Your estate includes all your assets, such as real estate, investment portfolios, jewelry, retirement accounts, individually owned life insurance policies and your business interests. The current high federal exemption allows you to strategically transfer ownership stakes in your agency to your children, other individuals or trusts for these intended beneficiaries without incurring gift tax. This reduces the overall value of your taxable estate come 2026 and can be a very strategic way to minimize your estate’s size.

Gifting an ownership stake in your agency involves a formal business valuation conducted by a qualified appraiser to establish a fair market value. This valuation is crucial for determining the potential gift amount and minimizing your estate’s taxable value. This formal business valuation is also necessary to meet the adequate disclosure rules when reporting the gift to the IRS.

Unlike publicly traded companies, privately held businesses like PR and marketing agencies qualify for valuation discounts that can significantly reduce the value of the gift and therefore further reduce the size of your taxable estate. These discounts consider factors like lack of marketability (difficulty selling your entire stake quickly) and lack of control (ownership might be split amongst others). These discounts translate to an ability to transfer additional interests to your heirs, if you choose, lower your taxable estate, and ultimately save your heirs a significant amount of money.

The power of compounding growth with strategic gifting

Coupled with the discounts provided to privately held companies, there’s another benefit to consider. Because the value of your business will most likely grow over time, gifting a non-controlling stake in your business now can lead to significant tax savings for your heirs. An ownership stake valued at $5 million today, with the allowable discounts, might be worth $20 million in the future when sold at fair market value. The $15 million difference would have been excluded from your estate and passed along to your heirs, potentially saving them $6 million in federal estate tax (excluding any state estate tax implications).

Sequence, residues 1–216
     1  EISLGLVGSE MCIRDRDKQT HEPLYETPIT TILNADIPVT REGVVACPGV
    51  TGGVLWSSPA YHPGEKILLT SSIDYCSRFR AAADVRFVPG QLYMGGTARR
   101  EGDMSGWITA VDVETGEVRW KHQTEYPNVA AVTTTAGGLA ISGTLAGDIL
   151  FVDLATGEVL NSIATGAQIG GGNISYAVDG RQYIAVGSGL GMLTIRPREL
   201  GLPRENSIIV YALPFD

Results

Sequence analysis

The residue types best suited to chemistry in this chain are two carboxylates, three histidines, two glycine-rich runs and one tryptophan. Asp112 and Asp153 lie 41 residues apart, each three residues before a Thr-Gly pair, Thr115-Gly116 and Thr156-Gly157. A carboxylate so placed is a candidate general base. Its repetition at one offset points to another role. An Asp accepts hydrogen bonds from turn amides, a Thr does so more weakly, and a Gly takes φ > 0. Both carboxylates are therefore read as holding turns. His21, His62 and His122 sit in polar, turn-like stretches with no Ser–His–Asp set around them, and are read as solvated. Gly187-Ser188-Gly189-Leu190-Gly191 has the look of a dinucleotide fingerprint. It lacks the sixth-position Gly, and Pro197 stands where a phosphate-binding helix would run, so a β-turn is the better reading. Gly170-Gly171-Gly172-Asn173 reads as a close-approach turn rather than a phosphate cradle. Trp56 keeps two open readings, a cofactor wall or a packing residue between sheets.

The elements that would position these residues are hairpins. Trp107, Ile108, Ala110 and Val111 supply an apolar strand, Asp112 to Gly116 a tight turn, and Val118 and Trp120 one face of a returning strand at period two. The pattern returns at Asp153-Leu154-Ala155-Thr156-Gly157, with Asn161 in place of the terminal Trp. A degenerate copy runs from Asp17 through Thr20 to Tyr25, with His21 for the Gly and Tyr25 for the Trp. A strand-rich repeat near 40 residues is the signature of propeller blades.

Additional strategies for estate reduction

There are other ways to reduce your estate that don’t involve appraisals or gift tax returns. Each year, the IRS allows you to give up to the annual exclusion amount (currently $18,000 in 2024) per donor, per recipient per year without incurring any gift tax or affecting your lifetime exemption. These gifts can be cash or stocks as long as the total value for each recipient stays below the exclusion amount. This approach can add up significantly. For example, if you give $18,000 per year to your two children for ten years, you’ve effectively removed $360,000 from your taxable estate without any tax implications. It’s important to note that you don’t need to be related to the recipient to benefit from this annual exclusion. In addition, if you and your spouse both utilize your annual exclusion gifting ability, the savings could be compounded without using your lifetime gift and estate tax exemption.

Don’t wait until it’s too late

With the sunsetting of the heightened lifetime exemption in 2026, proactive estate planning today is essential for PR and marketing agency owners. Consult with your tax advisor or estate planning attorney now to create a tax-efficient strategy for your legacy. Remember, a little planning today can save your family a fortune tomorrow.


Dominic Rovano, CPA, is a Partner at Armanino LLP.